Letters

Congestion charging

BMJ 2003; 326 doi: https://doi.org/10.1136/bmj.326.7394.884 (Published 19 April 2003) Cite this as: BMJ 2003;326:884

Walking classes also need road space reallocation

  1. Michael Joffe, consultant (m.joffe{at}imperial.ac.uk),
  2. Jennifer Mindell, deputy director
  1. Department of Epidemiology and Public Health, Imperial College Faculty of Medicine, London W2 1PF
  2. London Health Observatory, London W1G 0AN
  3. 28 Moore Street, London SW3 2QW

    EDITOR—We welcome Roberts's editorial, making the health case for the London congestion charge,1 particularly as the revenue is required to be spent on transport. We agree that physically active transport such as walking and cycling is likely to increase. This must be monitored adequately, with attention given to changes in activity levels2 and broken down by sociodemographic groups, to assess the impacts on health and inequalities.

    Other potential effects of congestion charging include improvement in access for emergency vehicles. However, not all are positive: the impact of the policy will depend on which complementary measures are introduced at the same time.

    Firstly, we disagree that less car travel will result in fewer crashes; this impact is difficult to predict.3 It depends whether journey times are shorter because of less time queuing at junctions or because of higher speeds. If traffic reduction is greater than was predicted, travel speeds may become substantially faster. While shorter journey times could reduce exposure to the risk of collisions, higher speeds could increase the risk by a greater amount.4

    Secondly, congestion charging alone could adversely affect equity: road space vacated by people who are deterred by the charge could be occupied by the wealthy, who are less price sensitive.4

    Both effects can be effectively combated by simultaneously introducing measures to reallocate road space and giving priority to buses, preferential access to disabled drivers, and effective protection to cyclists and pedestrians.4 This is largely true of the London congestion charge, but it is important to consider when other towns and cities follow suit.

    Even London has been timid about pedestrianising road space—Soho and Covent Garden seem ideal candidates. Experience shows that whereas such schemes tend to be initially opposed by local businesses, once the schemes are implemented they benefit economically.

    Footnotes

    • Competing interests None declared.

    References

    1. 1.
    2. 2.
    3. 3.
    4. 4.

    Political polemics are masquerading as science

    1. Stanley Feldman, professor
    1. Department of Epidemiology and Public Health, Imperial College Faculty of Medicine, London W2 1PF
    2. London Health Observatory, London W1G 0AN
    3. 28 Moore Street, London SW3 2QW

      EDITOR—Roberts in his editorial on congestion charging is wrong in almost all of his assertions.1 The number of cars on the road in central London has remained stable over the past 30 years until it fell by 18% last year (Transport for London statistics). Slow journey times and congestion are due to more people working in central London and poor road management.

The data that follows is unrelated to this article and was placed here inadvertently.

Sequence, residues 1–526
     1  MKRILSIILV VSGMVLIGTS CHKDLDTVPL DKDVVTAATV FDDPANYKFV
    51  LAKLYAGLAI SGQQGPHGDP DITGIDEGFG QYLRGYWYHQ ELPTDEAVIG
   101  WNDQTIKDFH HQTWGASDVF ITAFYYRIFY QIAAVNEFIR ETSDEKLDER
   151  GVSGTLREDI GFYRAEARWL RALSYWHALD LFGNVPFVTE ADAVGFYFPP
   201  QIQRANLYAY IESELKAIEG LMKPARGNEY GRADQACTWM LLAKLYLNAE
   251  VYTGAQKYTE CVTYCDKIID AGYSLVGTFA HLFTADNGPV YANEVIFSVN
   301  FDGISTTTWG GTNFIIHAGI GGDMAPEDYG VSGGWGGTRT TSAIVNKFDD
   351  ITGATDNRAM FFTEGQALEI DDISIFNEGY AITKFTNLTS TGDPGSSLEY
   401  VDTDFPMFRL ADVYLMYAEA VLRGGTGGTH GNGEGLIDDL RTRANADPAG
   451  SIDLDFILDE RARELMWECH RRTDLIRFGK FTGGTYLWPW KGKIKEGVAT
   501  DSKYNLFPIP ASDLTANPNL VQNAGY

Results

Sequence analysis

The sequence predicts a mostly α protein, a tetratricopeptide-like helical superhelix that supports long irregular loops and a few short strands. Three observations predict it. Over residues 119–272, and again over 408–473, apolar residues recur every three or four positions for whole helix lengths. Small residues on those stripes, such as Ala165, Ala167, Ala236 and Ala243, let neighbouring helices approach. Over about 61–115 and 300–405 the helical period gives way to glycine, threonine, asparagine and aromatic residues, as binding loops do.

Roberts acknowledges that the vulnerable groups are pedestrians (10-18 times the accident rate of car drivers per 2 km journey) and cyclists (13 times the accident rate per 2 km journey), yet he thinks that increasing the size of both of these vulnerable groups by encouraging people to walk or cycle will decrease the number of accidents. Statistical nonsense.

      It is generally agreed that the only pollutant to constitute a health hazard at current levels is a small particle emission. How can moving from clean petrol driven cars to dirty diesel buses (buses do not have to conform to any emission standards) help this?

      Since there are only about 16 state schools within the congestion charge zone it is absurd to suggest it is going to make mothers happy to allow their children to walk to school throughout the country.

      To compare Ken Livingstone to Edwin Chadwick is particularly absurd. Chadwick's plans for sanitation were drawn up at the request of parliament and largely implemented without opposition. He is remembered for his controversial Poor Law Act of 1834, which confined the poor to institutions where families were separated and deliberately subjected to discomfort “to punish them for their indolence.” There may be a case for congestion charges but it is not on the grounds of improving health or safety. I cannot believe that this editorial was critically reviewed before publication.

      Footnotes

      • Competing interests None declared.

      References

      1. 1.
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